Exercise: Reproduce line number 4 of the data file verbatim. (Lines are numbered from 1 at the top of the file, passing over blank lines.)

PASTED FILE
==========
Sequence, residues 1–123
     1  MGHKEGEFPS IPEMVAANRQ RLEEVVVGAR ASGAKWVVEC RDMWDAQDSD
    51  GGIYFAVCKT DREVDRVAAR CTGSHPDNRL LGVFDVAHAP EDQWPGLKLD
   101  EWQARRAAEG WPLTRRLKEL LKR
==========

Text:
   101  EWQARRAAEG WPLTRRLKEL LKR